Ducati’s new Scramblers, AMG’s One gets a finish line, Big-Block Volvo Gasser

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Ducati

Ducati keeps the Scrambler party rockin’ with two new versions

Intake: Ducati is not letting its popular Scrambler stagnate. An update will bring two new iterations of the bike to showrooms worldwide: the Scrambler 1100 Tribute Pro and the Scrambler Urban Motard. The 1100 Tribute Pro is being released in conjunction with the 50th anniversary of Ducati’s signature twin-cylinder, air-cooled engine. Styling touches that tie the new model to those of the early ’70s include a brown seat with dedicated stitching, spoke wheels, and Giallo Ocra livery topped with a period-correct Ducati logo on the tank. The Urban Motard bike takes the Scrambler platform and refocuses it slightly by fitting a high-mount front fender, spoked 17-inch wheels, and number plates hung below the seat. The Motard sports the more rev-happy 803cc L-twin, while the Tribute Pro is equipped with the 1079cc L-twin tuned for bottom end grunt.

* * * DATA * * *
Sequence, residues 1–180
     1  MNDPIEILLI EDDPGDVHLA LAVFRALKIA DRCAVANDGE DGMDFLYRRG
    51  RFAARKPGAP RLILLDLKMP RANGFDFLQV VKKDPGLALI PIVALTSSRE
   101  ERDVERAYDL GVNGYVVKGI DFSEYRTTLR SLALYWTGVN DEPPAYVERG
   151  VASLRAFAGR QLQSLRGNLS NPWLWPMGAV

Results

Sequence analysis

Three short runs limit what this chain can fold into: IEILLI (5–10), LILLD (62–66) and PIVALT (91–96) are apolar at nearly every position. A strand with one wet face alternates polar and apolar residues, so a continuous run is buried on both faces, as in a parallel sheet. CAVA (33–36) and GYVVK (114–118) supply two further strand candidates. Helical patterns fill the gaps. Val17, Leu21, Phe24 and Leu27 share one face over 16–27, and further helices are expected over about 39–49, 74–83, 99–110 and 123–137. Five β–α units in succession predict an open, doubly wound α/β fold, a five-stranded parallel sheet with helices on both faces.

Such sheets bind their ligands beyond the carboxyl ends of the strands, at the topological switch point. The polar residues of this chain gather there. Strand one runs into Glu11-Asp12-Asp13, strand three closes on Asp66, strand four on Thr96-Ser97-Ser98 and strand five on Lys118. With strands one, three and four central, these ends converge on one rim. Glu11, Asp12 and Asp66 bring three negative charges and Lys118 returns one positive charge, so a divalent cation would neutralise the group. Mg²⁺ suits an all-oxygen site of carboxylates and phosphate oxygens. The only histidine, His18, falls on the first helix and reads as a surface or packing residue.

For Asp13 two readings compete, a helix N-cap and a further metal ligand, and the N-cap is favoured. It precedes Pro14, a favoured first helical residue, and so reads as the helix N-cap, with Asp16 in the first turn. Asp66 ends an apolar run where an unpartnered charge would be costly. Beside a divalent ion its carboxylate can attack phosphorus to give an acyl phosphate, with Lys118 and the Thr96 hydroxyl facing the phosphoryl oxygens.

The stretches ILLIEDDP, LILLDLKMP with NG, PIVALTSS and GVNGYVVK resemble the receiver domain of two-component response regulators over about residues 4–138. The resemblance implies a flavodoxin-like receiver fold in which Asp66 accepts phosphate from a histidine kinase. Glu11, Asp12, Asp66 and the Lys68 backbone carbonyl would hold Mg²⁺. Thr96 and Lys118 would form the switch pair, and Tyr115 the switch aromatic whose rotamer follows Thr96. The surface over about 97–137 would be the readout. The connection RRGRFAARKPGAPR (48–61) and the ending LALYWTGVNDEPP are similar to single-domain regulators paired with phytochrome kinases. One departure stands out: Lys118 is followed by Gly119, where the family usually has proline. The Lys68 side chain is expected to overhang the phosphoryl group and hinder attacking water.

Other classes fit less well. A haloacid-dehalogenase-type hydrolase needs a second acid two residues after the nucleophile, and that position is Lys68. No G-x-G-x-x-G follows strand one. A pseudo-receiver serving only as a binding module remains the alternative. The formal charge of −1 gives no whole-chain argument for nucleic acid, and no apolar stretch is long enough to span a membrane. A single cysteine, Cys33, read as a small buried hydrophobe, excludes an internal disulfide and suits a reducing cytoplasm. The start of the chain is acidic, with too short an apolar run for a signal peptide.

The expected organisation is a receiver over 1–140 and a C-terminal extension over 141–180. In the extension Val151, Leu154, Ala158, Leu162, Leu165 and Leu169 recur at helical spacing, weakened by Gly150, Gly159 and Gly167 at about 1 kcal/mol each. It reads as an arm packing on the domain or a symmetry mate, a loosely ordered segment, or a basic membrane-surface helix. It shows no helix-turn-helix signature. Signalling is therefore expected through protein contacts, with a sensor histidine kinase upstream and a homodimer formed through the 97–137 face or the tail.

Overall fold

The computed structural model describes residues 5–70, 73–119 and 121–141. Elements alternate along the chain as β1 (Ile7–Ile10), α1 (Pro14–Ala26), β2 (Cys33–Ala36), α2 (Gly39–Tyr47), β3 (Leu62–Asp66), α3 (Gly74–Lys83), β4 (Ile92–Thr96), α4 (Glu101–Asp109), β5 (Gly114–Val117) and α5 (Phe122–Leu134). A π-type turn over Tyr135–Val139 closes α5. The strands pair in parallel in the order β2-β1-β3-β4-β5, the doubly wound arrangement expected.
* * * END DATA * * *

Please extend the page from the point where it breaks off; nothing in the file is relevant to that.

Exhaust: Taking a bike that was already retro-focused and dialing it up a notch is a fairly safe play, we’re not mad about it. For one, that vintage logo looks fantastic on the Tribute Pro gas tank. (High pipes are always a hit, too.) Ducati’s misuse of the term “motard,” however, we cannot forgive. A motard is traditionally based on a motocross machine that is converted to pavement or track usage. High-mount front fenders and tacked on number plates do not a motard make. Yes, handling will likely be a bit sharper with the front wheel losing one inch in diameter, but make no mistake, the Scrambler Urban Motard is a standard-class machine.

Mercedes-AMG One gets go-ahead for 2022 production

AMG ONE
CarSpyMedia